I also discovered the blogs, memoirs and discussion boards of breast cancer patients. This was a source of bracing honesty, speculation and meaning-making. One of the first blogs that I came across, for better or for worse, was Lisa Bonchek Adams’ account of her own experience with breast cancer, which ended with her death in 2015. Lisa was a great writer and a very woke patient who also had training and experience as a social worker, so her blog reflected the concerns of someone who knew what other patients worried about. In Reading and Writing Cancer, Susan Gubar has written about the influence of Adams and her blog as an important service to patients, so no need to retread here. I have already noted that chronicles like hers have helped me to understand that there are so many ways that this disease can go, and there are so many ways that we can respond to it, and they are all legitimate. The web of stories that we offer up to each other is a way of sharing our experiences and acknowledging the commonalities in our very different predicaments. I am eternally grateful to all of the people who make their experiences public to increase the visibility  of this experience. Thank you, Beth Caldwell, Teva Harrison, Nina Riggs, Ann Silberman, and many anonymous others.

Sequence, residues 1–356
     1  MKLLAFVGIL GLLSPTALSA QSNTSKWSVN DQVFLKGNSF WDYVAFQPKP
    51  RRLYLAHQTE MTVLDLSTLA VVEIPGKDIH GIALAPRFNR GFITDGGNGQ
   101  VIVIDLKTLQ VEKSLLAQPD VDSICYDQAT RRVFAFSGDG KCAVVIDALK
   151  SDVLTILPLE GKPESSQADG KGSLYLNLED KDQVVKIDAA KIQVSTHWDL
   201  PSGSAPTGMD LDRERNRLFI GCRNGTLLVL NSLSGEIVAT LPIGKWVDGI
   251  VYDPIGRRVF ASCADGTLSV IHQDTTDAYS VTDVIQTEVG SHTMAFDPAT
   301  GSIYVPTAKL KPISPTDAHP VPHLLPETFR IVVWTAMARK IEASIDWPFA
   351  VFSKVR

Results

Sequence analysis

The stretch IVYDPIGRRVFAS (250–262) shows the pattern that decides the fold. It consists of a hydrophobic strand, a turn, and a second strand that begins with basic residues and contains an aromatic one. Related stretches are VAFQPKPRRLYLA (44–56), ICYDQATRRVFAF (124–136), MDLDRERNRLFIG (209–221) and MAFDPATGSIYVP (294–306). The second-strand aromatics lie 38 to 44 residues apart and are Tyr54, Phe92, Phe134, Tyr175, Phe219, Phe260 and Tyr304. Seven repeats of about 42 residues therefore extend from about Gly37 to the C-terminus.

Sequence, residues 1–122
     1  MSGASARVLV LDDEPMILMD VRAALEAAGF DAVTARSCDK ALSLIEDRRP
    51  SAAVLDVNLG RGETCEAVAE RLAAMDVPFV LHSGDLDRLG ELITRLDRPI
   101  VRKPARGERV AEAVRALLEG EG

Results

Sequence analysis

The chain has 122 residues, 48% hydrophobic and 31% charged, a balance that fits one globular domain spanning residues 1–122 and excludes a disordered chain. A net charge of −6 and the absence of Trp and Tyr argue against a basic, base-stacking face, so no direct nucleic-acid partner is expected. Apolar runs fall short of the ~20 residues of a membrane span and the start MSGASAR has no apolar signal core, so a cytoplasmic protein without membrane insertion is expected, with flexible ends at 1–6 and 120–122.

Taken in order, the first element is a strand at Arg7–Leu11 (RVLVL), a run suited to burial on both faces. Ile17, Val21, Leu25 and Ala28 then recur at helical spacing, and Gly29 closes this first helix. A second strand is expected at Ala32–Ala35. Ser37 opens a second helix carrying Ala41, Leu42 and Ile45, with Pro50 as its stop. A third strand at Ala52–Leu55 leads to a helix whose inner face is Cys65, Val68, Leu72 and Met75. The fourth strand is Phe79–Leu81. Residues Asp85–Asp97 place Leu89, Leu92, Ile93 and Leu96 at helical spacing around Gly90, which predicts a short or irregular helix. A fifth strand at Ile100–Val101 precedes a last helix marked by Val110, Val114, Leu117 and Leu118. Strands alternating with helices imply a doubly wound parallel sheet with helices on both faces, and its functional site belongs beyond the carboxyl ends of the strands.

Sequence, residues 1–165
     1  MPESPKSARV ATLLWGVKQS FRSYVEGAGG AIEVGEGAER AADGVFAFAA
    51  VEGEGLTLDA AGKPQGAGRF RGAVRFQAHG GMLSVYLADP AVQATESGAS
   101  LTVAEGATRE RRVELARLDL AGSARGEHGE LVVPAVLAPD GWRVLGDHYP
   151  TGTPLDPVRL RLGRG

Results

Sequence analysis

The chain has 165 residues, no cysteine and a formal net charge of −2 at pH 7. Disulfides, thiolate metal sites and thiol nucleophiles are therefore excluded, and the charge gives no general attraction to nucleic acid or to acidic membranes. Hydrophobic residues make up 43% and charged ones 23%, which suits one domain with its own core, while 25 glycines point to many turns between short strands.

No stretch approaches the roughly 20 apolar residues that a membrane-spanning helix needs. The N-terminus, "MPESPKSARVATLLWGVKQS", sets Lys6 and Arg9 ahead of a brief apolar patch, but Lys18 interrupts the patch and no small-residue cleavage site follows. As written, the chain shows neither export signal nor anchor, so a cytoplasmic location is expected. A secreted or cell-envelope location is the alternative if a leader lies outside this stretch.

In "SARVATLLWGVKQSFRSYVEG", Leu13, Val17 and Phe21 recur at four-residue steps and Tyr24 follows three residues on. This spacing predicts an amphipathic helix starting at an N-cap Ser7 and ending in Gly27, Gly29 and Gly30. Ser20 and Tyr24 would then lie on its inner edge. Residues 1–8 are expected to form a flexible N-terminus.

Last winter there was a CBC documentary called Cracking Cancer that followed the work of the POG clinic at UBC. For the documentary, several stage IV cancer patients allowed themselves to be recorded and interviewed at some very vulnerable moments so that members of the public like me could watch them and say, “So this is what it looks like to lives with a very bad cancer diagnosis as it progresses.” My mother watched the documentary at my urging, and said, “Look at how this normalizes the experience!” even though watching it was not easy and was not meant to be easy.